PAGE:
Preservation Priorities: A suggested top ten

by Bill Aitken

This article was originally published by the Indian Steam Railway Society (ISRS) in its newsletter, and is reproduced here by permission, which is gratefully acknowledged. Copyright for the material here rests with the ISRS and the author(s) of the article. The ISRS is the premier organization in India engaged in preservation and efforts to promote awareness of the country's railway heritage.

This article originally appeared in the FNRM Newsletter No. 2, Summer 1998.

Everyone has his or her own list of Most Urgent operations to rescue railway history, threatened by undiscerning humanity and uncaring time. Here is my own top ten items I dream of seeing enacted. Happily, already some of them have been acted upon and others are under active consideration. Members suggestions are invited.

  1. The metre-gauge steam-hauled section out of Udaipur should be maintained for long-term tourist interest. The last steam locos built in India (the YP and YG class) can be shedded in Udaipur and used for occasional running of tourist trains between Udaipur and Chittorgarh which is a very scenic section. Since water and coaling facilities are in place around Udaipur and Udaipur is one of the few places outside the Taj Mahal that enjoys an international tourist reputation, Indian rail history can be displayed to good effect. (The two YG locos used to haul the Royal Orient between Rewari and Delhi Cantt will have to be moved to Udaipur with the re-gauging of this latter MG section (incidentally the oldest MG line in the world!)
  2. Each zone should appoint a Heritage Inspector to earmark and collect historical items at a zonal depot. Immovable works of quality should be deemed worthy of preservation as 'National Railway Monuments'. Inventories of antique station fittings and furnishings should be kept so that when due for replacement the originals can be sent to a museum rather than be scrapped.
  3. Live recordings of the actual running sounds of the steam era should be made immediately, starting with footplate recordings of the Darjeeling, Ooty and Western Railways steam sections.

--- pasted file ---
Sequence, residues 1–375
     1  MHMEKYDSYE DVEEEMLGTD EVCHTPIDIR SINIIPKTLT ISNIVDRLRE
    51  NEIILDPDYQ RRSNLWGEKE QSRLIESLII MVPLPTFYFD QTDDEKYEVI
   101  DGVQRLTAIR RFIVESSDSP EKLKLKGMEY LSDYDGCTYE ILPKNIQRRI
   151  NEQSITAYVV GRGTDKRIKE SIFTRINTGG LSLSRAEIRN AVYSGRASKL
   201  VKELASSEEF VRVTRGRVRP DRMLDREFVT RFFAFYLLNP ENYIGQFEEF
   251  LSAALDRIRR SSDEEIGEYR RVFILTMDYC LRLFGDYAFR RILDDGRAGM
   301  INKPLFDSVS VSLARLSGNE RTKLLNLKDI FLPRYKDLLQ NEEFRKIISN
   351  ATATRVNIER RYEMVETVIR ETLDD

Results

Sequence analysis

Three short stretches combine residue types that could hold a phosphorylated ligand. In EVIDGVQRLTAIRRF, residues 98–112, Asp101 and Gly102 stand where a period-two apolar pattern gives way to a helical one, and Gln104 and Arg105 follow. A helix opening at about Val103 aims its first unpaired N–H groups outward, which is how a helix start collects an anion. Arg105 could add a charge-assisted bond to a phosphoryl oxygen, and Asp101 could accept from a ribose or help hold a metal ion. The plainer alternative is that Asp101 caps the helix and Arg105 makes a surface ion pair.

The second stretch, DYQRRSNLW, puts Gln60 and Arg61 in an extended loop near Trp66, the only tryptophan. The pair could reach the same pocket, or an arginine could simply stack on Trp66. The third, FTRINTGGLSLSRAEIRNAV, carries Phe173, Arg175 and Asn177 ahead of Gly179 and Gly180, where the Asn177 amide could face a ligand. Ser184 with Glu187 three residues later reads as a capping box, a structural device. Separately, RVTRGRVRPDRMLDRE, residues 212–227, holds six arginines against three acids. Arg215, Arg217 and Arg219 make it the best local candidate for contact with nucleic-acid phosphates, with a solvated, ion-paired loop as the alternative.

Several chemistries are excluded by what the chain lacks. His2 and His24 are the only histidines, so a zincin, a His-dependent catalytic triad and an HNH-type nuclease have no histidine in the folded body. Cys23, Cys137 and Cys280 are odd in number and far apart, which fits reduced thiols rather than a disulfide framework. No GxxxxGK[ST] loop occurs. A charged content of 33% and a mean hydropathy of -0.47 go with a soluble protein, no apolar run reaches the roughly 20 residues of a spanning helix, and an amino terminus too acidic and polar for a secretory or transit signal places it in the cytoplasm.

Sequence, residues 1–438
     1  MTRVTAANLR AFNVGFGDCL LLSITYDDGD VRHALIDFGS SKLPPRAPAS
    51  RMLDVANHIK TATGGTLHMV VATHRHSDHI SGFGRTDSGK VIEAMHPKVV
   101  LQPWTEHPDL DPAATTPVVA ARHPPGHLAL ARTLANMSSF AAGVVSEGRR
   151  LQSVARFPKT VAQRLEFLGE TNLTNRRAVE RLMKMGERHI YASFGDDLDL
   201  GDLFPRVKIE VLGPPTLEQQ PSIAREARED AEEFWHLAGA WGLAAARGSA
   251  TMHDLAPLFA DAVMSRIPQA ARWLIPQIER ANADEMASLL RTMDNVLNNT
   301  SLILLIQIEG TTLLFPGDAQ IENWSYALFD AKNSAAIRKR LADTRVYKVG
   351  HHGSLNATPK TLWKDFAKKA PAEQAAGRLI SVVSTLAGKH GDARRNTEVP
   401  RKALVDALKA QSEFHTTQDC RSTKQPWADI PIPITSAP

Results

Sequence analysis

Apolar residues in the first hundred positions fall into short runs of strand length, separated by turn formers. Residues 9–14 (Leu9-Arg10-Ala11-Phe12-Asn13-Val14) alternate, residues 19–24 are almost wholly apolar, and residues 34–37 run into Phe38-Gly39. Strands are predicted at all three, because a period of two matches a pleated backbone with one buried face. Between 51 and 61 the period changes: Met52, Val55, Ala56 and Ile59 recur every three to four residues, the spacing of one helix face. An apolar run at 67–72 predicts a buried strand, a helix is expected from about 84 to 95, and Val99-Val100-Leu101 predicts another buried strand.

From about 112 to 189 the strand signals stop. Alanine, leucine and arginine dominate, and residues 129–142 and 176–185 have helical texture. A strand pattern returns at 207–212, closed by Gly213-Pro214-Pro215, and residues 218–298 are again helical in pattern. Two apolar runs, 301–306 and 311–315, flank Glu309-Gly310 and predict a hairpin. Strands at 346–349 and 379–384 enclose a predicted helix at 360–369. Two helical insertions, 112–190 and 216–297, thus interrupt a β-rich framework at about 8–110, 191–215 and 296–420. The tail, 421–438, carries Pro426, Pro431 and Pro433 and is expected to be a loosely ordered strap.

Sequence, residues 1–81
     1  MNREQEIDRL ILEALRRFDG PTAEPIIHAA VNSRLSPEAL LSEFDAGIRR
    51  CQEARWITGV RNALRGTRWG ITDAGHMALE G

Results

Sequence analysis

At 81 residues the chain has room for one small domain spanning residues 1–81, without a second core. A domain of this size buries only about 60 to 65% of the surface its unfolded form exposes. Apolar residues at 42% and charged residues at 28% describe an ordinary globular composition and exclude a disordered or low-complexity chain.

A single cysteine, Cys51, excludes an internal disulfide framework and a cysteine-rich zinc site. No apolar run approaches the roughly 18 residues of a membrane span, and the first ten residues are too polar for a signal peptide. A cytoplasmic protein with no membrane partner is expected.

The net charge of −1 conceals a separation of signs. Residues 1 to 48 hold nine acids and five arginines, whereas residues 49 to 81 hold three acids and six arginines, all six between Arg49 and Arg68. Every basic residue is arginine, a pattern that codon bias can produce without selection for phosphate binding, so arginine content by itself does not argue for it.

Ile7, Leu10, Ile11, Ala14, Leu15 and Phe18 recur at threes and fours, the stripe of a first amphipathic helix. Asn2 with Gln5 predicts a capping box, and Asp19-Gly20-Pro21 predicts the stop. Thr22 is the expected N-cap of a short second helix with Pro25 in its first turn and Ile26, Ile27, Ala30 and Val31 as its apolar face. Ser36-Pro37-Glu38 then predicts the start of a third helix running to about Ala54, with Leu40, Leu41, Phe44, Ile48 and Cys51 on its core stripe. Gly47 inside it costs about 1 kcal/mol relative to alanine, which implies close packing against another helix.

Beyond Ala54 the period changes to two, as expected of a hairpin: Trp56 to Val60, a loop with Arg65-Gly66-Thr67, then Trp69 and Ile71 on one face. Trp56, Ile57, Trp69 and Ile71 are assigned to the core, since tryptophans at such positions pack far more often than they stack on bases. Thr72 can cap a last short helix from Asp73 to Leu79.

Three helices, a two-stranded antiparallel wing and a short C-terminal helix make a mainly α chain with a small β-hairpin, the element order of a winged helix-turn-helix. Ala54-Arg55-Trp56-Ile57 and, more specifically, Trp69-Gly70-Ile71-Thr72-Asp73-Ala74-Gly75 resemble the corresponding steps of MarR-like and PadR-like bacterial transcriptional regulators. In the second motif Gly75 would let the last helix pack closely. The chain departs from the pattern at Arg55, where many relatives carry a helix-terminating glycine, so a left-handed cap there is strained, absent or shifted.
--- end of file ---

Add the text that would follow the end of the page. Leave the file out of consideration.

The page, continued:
4. All vintage rolling stock bearing nineteenth century manufacturers plates should be kept in a protected zonal siding for induction into regional museums. There is a shortage of passenger carriages. (The National Rail Museum does not possess a caboose!)
  5. A zonal directory of architecturally outstanding stations should be compiled and any additions to these quality works should be in good taste and historically appropriate.
  6. A list of the miscellaneous plinthed locomotives that are to be found all round the country needs to be made with a view to the exchange of these vintage engines. Ideally these locos should be returned to steam and moved from zone to zone to prove the innovative skills of Indian Railways mechanical tradition.
  7. Indexes of zonal archives and files should be compiled to enable valuable records to be identified and kept secure at a central archive. Obviously this involves the appointment and training of archivists. (See No. 9)
  8. Steaml / Diesel / Electric Days should be observed at the regional museums to acquaint the public with the running properties of different tractions. Drivers and running crew should demonstrate their duties and help educate people on the myriad details involved in railway operations.
  9. Railway history requires exposure as an academic discipline. The Railway Board could provide scholarships or provide avenues for railway officers to study for doctorates in transport history. Research students would automatically qualify as archivists.
  10. Popular handbooks of railway reference that give details and performance of Indian Railways most famous locomotive types would stimulate public affection and demystify for ladies the masculine image railways enjoy.

If we can convey to the public the poetry of the railways, there will be no need to appeal for railway preservation. If we manage to present the epic qualities of India's greatest engine of progress, we can leave it to the public imagination to make railways part of national folklore.